Whenever you went into the countryside on Jeju you’d come across chogajip or houses with hay roofs.
These days they are not so easy to see.
The wind of modern culture has blown through even the middle mountain villages and because of this the hay roof houses have disappeared.
There’s not much we can do about it either.
We should not think ill of those who leave traditional life behind and embrace the conveniences of modern culture.
Yet the future will be reflected by our present state and our present state is a reflection of the past.
To know our own state in the future we have to know how things have flowed from past to present.
That is history.
Therefore I visited the Jeju Folk Village Museum to see the face of Jeju’s past.
The Jeju Folk Village Museum opened on February 2, 1987, which was quite some time ago.
Since then Jeju’s traditional houses continued to disappear so the people who were concerned with this issue decided to start moving those houses.
Their new home in Pyoseon stretches over ground encompassing 157,000 square meters or about 47,000 pyeong using the Korean measurement system.
How were the houses moved?
It is kind of like disassembling and assembling a toy part-by-part. Though this is not as easy as it sounds.
Experts from around the world came together to draw out blue prints as the houses were disassembled. Then a lot of effort was needed to put them back together some 25 years in the making.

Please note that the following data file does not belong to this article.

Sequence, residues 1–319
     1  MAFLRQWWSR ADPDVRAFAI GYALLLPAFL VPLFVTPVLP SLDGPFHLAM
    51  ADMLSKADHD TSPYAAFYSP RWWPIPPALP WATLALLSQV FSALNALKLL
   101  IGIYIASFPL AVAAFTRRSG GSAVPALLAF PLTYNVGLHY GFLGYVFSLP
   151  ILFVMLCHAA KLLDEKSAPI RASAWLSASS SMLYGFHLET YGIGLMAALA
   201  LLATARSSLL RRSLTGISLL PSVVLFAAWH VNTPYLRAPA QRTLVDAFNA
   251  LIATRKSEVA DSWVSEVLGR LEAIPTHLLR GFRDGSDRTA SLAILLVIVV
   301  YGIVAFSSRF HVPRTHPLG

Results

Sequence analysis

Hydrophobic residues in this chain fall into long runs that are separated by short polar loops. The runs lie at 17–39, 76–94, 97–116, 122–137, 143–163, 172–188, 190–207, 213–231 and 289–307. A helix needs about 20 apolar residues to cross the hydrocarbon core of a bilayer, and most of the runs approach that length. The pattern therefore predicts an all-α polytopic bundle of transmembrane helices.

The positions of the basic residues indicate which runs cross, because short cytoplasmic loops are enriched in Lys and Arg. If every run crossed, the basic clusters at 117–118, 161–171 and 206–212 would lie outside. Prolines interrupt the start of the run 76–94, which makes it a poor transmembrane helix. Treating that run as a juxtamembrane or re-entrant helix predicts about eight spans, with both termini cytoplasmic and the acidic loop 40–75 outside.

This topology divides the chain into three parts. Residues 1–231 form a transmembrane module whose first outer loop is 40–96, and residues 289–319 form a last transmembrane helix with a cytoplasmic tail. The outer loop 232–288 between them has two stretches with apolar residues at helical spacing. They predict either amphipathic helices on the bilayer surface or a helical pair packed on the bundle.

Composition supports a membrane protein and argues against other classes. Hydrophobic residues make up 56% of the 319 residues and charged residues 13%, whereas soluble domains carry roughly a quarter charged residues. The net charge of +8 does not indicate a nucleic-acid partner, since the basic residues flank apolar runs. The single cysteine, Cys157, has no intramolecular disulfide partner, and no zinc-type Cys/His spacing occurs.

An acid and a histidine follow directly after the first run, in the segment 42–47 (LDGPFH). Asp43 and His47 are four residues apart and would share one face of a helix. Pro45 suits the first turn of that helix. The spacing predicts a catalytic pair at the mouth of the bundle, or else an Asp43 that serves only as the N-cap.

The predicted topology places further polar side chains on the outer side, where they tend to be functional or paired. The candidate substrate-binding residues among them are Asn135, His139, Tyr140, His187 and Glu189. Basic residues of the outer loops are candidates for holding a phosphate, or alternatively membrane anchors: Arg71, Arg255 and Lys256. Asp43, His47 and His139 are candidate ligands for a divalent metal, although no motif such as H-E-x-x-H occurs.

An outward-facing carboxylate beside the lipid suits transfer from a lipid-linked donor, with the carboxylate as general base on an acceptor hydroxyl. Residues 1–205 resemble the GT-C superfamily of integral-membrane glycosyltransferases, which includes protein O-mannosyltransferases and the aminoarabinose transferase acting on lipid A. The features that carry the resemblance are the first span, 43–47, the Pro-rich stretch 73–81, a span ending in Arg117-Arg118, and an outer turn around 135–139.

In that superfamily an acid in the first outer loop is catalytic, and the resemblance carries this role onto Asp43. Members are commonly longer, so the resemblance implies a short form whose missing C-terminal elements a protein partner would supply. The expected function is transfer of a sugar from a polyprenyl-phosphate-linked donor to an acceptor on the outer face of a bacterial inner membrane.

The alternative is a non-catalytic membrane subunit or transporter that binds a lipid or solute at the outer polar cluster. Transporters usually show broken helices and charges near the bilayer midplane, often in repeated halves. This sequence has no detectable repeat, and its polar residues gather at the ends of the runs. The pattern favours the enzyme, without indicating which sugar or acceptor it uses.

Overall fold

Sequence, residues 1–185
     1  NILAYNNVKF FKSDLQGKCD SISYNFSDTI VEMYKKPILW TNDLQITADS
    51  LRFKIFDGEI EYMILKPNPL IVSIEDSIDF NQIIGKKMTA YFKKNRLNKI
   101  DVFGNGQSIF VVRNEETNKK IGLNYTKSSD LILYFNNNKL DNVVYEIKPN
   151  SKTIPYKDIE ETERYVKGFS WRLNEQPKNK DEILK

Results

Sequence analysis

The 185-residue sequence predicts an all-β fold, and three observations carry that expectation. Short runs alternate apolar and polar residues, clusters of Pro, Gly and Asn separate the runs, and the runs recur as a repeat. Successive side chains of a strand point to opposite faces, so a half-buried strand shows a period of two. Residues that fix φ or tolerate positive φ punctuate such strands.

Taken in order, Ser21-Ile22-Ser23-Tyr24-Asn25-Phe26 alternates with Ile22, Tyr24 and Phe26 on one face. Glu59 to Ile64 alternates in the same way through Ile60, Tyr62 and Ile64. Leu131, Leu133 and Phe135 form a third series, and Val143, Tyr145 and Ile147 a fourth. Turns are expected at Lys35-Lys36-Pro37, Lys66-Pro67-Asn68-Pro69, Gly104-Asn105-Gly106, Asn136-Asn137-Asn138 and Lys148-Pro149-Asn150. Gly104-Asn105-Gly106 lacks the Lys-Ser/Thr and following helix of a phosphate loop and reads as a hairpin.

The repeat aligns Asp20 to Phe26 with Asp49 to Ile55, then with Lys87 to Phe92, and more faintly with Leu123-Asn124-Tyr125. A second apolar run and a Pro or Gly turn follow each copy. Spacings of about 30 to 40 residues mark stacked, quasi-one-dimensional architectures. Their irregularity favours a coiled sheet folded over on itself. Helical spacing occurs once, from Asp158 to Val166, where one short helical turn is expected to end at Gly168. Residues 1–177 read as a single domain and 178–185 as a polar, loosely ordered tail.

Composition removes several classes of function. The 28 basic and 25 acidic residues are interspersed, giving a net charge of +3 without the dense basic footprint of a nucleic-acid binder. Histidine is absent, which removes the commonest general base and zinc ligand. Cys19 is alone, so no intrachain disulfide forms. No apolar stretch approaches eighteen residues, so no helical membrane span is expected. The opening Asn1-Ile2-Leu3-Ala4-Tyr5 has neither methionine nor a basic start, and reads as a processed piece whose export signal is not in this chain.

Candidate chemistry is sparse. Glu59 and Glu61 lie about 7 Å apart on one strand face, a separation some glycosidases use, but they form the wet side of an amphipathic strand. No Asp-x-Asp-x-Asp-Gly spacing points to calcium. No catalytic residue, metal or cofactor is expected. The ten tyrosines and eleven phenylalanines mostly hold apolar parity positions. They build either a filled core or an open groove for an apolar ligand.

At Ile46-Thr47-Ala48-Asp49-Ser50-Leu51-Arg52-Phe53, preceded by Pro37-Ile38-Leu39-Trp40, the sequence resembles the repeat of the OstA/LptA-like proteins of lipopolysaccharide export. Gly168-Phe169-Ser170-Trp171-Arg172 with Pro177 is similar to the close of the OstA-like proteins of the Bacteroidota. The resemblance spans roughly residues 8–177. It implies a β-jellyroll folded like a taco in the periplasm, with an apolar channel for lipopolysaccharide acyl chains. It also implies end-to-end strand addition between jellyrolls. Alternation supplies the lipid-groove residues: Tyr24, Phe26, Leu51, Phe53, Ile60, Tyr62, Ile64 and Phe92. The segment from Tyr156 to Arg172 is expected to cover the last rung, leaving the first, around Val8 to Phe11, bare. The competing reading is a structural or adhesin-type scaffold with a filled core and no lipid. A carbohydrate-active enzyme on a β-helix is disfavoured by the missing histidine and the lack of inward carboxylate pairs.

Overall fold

The village is now administered by the Korea Airport Service.
In total there are 87 traditional houses with an extra 8 others.
You can see from this photograph that the detail within a house is delicate. It looks like someone lived here only a few days ago with the touch of people here and there.
Well there is also another reason for that.
The village is a place various dramas and films are made. The houses are perfect for expressing what old life was like for sets.
There are 13 set places built for dramas including Dae Jang Geum (Jewel in the Palace) featuring Lee Yeong-ae. Then
Lee Da-hae starred in Chuno (The Slave Hunters).
Next is Lee Min-yeon from Geosang Gim Mandeok (Merchant Kim Man-deok).
Tamna the Island with Lee Mi-yeon finds a set among that all.
Don’t worry there are signs to show you exactly where each one was filmed.
Also the KBS show Bomulseom (Treasure Island) is here every week too.
So the houses do have the marks of people with dusty cloths, bowls, blankets, and shoes. The detail looks really real and you can even see the places people cooked in large pots leaving fire marks on the floor.
Outside in the yards there are various traditional games to play including a giant janggi board (Korean style chess). One family stopped by to play, but as I was alone I only took a photograph.
I also saw one group playing tuho in which you throw sticks into ornamental pots. Whenever someone got a stick in a loud cheer erupted. I think a tiny amount of betting may have been involved.
After looking around for an hour you’ll find the restaurants. As I was there on a cold day not many customers were milling about.
They are not administered by the Korea Airport Service. Instead the owners bid for a spot. Rent has to be paid too.
However, the woodcraft workers do not pay rent. They make things from wood which you can order, but of course it costs a little bit of money.
In total it took me two hours to explore the Jeju Folk Village Museum. If you go quickly one hour will suffice, but I really hope you take your time.
Sometimes the sun shone through while I sat out on a wooden decking. I felt very happy and was in the mood to recite poetry.
That was my trip to the Jeju Folk Village Museum.
Address: Seogwipo-si, Pyoseon-myeon, Pyoseon-ri, 40-1
Opening Hours: From 8:30 a.m. to 6:30 p.m. (season dependent)
Admission: Adults 8,000 won | Teenagers 5,500 won | Children 4,000 won
Web Site: http://eng.jejufolk.com/html/index.aspx
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